In Denmark, 25% of hospital admissions with stroke are recurrent strokes. With thrombolytic treatment, more patients survive with only minor disability. This promising development should be followed up by intensive secondary prevention. Hypertension is the most important target. We aimed at testing the hypotheses that early follow-up in a preventive clinic would result in (a) a higher proportion of patients with blood pressure at target and (b) time to stroke recurrence, myocardial infarction, and death would be longer in the intervention group compared to controls.
Eligible patients admitted to the stroke unit of Herlev Hospital were randomized shortly before discharge to intervention or control group. Of 78 included participants, data from 73 were available for follow-up 9 months after inclusion. Patients in the intervention group were seen in the clinic within 1 week. In case of hypertension, treatment was initiated or supplied with a new drug. We used individual targets for blood pressure according to diagnosis of stroke and patients’ comorbidity. Patients in the intervention group had a median of five visits to the preventive clinic.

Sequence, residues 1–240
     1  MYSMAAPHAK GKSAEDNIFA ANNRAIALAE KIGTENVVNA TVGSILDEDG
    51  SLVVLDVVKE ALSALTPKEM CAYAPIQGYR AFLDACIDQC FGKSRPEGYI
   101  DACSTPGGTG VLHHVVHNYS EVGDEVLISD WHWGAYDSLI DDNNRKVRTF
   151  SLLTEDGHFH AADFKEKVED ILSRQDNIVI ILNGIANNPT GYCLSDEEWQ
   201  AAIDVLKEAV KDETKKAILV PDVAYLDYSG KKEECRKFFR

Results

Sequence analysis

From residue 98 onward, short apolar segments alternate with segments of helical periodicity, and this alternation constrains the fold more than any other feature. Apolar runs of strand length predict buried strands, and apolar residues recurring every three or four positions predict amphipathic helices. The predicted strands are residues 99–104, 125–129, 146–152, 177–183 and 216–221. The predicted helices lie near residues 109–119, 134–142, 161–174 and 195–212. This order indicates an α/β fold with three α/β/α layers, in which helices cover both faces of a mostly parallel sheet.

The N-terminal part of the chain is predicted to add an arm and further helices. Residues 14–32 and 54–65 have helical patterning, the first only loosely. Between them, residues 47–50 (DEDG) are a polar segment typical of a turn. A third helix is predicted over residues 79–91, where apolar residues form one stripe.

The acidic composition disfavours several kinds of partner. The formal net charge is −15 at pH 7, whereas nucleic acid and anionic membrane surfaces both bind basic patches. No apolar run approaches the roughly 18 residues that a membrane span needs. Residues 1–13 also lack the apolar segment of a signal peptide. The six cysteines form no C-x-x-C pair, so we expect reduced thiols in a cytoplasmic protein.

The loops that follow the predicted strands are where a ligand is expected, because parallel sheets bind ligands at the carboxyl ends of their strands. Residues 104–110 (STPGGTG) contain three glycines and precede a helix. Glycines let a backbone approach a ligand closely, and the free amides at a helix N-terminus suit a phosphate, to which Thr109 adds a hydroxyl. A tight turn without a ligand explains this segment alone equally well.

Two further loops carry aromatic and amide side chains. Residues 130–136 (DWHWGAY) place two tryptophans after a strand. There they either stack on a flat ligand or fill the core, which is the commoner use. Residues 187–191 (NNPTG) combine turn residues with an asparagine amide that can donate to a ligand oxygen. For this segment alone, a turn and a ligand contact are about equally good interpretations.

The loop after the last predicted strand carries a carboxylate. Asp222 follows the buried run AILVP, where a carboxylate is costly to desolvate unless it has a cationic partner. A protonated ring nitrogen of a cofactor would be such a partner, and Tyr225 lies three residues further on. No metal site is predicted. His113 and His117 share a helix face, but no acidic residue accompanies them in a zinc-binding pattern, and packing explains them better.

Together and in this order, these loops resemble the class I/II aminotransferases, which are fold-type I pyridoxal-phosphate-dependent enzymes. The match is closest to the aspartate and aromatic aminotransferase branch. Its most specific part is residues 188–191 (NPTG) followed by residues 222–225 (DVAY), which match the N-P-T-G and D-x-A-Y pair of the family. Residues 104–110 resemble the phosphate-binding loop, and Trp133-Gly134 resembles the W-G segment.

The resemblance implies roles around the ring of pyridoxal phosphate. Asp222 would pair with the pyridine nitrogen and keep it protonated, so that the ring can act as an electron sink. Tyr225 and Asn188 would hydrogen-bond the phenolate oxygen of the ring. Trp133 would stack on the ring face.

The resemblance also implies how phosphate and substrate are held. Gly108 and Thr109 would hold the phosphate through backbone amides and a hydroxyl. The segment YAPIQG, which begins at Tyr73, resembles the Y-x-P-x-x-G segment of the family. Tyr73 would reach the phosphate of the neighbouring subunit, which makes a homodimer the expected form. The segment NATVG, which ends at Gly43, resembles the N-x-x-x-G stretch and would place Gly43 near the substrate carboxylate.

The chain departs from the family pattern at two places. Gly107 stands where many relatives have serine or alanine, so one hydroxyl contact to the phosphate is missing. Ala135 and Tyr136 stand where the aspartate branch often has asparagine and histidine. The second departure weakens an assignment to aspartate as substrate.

In the intervention group, blood pressure was treated to target in 25 patients (69%) versus 14 (38%) in the control group (p = .007). Median time to first event was 44 months (4-49) in the intervention group and 19 months (4-37) in controls (p = .316).
Treatment of hypertension to individual targets after stroke is feasible. It may postpone recurrent stroke and death in stroke survivors.
© 2020 The Authors. Brain and Behavior published by Wiley Periodicals LLC.